I looked across the straw-filled wagon at my husband, our daughter, and two sons, and in that moment I knew: we had fallen into a new tradition. With my daughter to the right of me and the boys to the left, it was clear that this humid second day of fall was proving to be the first of an annual tradition to the Harvest Hollar Corn Maze. Funny how a simple click on a Groupon for a corn maze can turn into a magical family experience.

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We arrived much later than we intended and soaked up every bit of child-hood nostalgia possible in the fleeting light of sunset. I thought Laura, Mary, and baby Carrie would come strolling out to feed the cows and horses with us any minute. I thought we would surely see Almanzo eating homemade pumpkin pie and cobbler with the appetite of a grown farmer in the general store. Indeed, I think I caught a glimpse of Caddie Woodlawn running through the field chasing after her Pa, hair wild and eyes sparkling as we listened to music of days past. In reality, it was the perfect family setting to match the wonderful childhood literature that my children are surrounded with. It was the fruit of much toil and a dream of a farmer and his wife.

When one reaps, a harvest of righteousness will come if he does not give up. In this case, as in so many others, we enjoy the harvest of a sowing we took no part in. Little by little the crowds have grown to thousands that come to this farm each year with their family to make memories that will outlast the brief hours of their visits. Glory be to God for His unfailing wisdom and grace upon grace that we can all share a table when the work is done. That in each part of the Body accomplishing the work God gives them to do, bearing their load with the Lord, and seeking to assist one another, we can meet at the table and feast on the fruit.

For our light and momentary troubles are achieving for us an eternal glory that far outweighs them all. So we fix our eyes not on what is seen, but on what is unseen, since what is seen is temporary, but what is unseen is eternal. ~2 Corinthians 4:17-18

Dear reader, your work may be invisible to most, but important to many. To impact the millions after Him, Christ discipled the twelve before Him. What is set before you this day? Faithfully sow and then perhaps we will all reap as you do not give up.

We have fallen into tradition this season. A new way to mark the years and seasons as a family. Tell me about the traditions in your home. Do share–you never know, maybe we will fall for your tradition too.

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We Fall Once More

Fall Once More

Yesterday marked the first day of fall. We had a humble, but much anticipated, celebration in our home all day which we lovingly termed our Fallibration. Nothing fancy, just simple fun. A fall sign made from repurposed brown packaging paper from an Amazon order, dollar store cups, plates, and a table cloth, and plenty of baking and books for all.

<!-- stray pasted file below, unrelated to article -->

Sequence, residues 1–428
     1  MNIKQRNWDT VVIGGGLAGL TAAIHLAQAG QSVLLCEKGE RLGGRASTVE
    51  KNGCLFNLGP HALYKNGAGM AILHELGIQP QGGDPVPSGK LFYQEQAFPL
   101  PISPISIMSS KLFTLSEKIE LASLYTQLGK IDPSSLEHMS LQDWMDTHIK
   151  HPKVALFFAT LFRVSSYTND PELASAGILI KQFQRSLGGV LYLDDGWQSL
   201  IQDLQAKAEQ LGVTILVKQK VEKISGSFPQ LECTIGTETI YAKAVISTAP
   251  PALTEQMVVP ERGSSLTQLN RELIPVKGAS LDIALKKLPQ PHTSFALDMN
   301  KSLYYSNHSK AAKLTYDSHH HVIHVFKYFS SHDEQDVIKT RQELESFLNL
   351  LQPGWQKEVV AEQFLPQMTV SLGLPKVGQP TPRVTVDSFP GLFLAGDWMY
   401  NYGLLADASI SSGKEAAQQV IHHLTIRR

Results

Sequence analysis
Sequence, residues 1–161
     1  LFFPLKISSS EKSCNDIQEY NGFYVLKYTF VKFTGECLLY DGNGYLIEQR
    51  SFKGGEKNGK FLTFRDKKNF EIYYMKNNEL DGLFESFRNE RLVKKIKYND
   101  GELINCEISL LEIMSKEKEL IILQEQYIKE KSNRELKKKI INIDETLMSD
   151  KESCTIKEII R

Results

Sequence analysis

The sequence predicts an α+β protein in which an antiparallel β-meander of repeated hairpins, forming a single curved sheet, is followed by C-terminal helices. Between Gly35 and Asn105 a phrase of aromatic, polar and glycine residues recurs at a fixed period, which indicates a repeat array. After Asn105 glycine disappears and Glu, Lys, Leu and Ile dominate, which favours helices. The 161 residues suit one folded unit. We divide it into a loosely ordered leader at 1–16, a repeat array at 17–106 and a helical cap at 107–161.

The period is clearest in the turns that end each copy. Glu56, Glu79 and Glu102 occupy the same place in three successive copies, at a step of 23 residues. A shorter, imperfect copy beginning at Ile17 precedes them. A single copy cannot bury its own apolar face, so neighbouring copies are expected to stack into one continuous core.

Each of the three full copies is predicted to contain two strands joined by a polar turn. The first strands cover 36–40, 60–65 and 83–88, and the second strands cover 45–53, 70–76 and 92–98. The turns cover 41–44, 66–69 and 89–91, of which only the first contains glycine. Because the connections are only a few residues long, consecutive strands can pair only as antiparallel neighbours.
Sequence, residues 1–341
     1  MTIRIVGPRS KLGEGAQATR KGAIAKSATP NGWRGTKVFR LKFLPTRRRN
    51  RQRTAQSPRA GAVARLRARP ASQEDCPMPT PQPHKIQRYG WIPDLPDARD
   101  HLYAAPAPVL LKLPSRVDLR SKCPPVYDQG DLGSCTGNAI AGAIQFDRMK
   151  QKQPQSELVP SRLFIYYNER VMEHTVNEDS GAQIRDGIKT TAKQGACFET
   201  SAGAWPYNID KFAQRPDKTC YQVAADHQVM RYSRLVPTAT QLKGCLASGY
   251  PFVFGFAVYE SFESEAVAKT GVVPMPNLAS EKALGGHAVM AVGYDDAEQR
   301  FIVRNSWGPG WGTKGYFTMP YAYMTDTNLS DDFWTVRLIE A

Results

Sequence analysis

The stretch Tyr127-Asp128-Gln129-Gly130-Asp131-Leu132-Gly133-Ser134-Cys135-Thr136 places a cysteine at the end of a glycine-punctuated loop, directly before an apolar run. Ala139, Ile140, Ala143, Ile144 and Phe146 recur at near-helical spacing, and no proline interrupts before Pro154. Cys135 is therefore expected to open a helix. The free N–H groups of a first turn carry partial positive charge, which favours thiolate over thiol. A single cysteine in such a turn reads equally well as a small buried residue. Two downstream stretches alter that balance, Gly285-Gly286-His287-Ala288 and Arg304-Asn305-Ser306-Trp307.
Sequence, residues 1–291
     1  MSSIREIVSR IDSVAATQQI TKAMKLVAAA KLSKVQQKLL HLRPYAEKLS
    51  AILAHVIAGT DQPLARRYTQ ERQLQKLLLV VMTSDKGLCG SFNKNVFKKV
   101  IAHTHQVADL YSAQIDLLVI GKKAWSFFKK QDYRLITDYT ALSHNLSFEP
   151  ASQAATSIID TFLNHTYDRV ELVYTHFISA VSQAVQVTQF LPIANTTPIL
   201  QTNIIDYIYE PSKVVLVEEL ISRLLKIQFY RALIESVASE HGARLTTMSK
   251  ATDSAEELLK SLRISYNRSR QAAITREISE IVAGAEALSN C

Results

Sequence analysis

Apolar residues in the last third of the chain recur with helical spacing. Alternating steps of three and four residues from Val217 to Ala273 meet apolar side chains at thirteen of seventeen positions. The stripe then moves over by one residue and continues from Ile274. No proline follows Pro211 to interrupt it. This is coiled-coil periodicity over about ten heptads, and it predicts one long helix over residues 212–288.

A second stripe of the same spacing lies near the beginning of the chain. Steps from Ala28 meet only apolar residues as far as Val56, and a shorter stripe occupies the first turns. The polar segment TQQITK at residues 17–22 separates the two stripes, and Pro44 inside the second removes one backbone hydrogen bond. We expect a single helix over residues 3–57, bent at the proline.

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Each year the turn of seasons is a good place to pause, praise, and perceive what the Savior is teaching us in our current season. Also, to identify what type of season we are in. It is easy for us, particularly women I believe, to assess our entire season of life on the last week alone. I know I do. My husband can ask me how I, we, our family is doing, and I will base my answer on the afternoon and not the week or season in its entirety.

We are back in the throws of toddlerhood and homeschooling as September is turning a brilliant red and bursting into October. I have failed in grace and fallen so many times in need of grace. Can you relate? In fact, this week, while apologizing to my oldest son, my daughter quipped with a knowing grin, We have to forgive you everyday mommy. It’s true, we fall once more and need to be forgiven daily. Maybe not by our children–as my daughter was partially teasing, or maybe we so– but certainly by our Heavenly Father. The maker and sustainer of our physical seasons and our life’s seasons knows our weaknesses and limitations. He remembers out of the dust we were formed. We fall once more and then turn and fall into the forgiving grace-filled arms of the Savior.

We repent and seek change in ourselves, our reactions, and reconciliation with God and man daily. God knows we will fall under self-sustained burdens. That is why we need to be in fellowship and friendship, with Him, with a local Body of Believers, and with the Church Universal. He assures us in His word:

Let us then approach God’s throne of grace with confidence, so that we may receive mercy and find grace to help us in our time of need. (Hebrews 4:16)

Two are better than one because they have a good return for their labor. For if either of them falls, the one will lift up his companion. But woe to the one who falls when there is not another to lift him up.  (Ecclesiastes 4:9-10)

Come to Me, all you who are weary and burdened, and I will give you rest. Take My yoke upon you and learn from Me; for I am gentle and humble in heart, and you will find rest for your souls.… (Matthew 11:28-29)

As we fall once more, may we keep these and similar verses in mind so that we may fall forward in grace and sanctification; sustaining ourselves with God’s Word, the power of the Holy Spirit, and the fellowship of believers.